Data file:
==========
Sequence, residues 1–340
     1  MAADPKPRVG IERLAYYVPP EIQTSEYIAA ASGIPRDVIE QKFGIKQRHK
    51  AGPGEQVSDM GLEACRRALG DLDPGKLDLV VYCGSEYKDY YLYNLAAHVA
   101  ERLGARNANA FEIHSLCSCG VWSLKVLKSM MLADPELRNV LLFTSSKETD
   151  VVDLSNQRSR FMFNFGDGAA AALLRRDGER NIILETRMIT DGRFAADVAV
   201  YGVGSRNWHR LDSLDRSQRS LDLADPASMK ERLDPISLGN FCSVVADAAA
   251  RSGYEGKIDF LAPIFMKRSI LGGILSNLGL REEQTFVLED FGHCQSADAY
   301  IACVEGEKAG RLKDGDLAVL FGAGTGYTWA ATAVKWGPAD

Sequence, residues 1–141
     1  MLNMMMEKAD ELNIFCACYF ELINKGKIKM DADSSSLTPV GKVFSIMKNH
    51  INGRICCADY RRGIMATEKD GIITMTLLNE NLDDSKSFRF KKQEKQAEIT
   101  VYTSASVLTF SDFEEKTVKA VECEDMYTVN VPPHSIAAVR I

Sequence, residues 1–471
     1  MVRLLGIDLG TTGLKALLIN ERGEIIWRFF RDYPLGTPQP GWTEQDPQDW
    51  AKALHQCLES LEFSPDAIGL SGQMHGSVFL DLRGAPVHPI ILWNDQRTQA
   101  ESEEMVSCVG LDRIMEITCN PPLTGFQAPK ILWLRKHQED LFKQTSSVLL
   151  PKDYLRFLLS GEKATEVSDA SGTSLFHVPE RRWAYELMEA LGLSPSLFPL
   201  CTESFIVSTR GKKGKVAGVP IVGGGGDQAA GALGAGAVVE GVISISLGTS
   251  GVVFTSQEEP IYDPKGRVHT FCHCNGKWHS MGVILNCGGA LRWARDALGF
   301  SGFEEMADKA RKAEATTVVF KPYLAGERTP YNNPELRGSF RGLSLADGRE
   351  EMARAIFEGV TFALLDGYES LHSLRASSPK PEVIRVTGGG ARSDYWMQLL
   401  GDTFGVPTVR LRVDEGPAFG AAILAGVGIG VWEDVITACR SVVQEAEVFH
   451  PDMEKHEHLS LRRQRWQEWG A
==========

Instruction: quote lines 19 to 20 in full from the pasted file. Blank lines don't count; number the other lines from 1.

   251  GVVFTSQEEP IYDPKGRVHT FCHCNGKWHS MGVILNCGGA LRWARDALGF
   301  SGFEEMADKA RKAEATTVVF KPYLAGERTP YNNPELRGSF RGLSLADGRE